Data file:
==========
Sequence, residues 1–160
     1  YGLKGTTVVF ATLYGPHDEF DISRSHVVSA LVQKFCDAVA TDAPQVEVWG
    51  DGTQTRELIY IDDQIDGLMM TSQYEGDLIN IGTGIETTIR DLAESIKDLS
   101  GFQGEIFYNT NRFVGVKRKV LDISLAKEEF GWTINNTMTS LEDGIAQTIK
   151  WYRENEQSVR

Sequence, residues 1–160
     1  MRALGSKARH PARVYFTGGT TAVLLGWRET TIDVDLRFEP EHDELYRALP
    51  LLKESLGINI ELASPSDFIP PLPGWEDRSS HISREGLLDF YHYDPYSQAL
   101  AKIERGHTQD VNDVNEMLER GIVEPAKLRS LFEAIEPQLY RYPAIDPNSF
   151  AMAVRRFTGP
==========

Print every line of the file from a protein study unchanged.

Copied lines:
Sequence, residues 1–160
     1  YGLKGTTVVF ATLYGPHDEF DISRSHVVSA LVQKFCDAVA TDAPQVEVWG
    51  DGTQTRELIY IDDQIDGLMM TSQYEGDLIN IGTGIETTIR DLAESIKDLS
   101  GFQGEIFYNT NRFVGVKRKV LDISLAKEEF GWTINNTMTS LEDGIAQTIK
   151  WYRENEQSVR

Sequence, residues 1–160
     1  MRALGSKARH PARVYFTGGT TAVLLGWRET TIDVDLRFEP EHDELYRALP
    51  LLKESLGINI ELASPSDFIP PLPGWEDRSS HISREGLLDF YHYDPYSQAL
   101  AKIERGHTQD VNDVNEMLER GIVEPAKLRS LFEAIEPQLY RYPAIDPNSF
   151  AMAVRRFTGP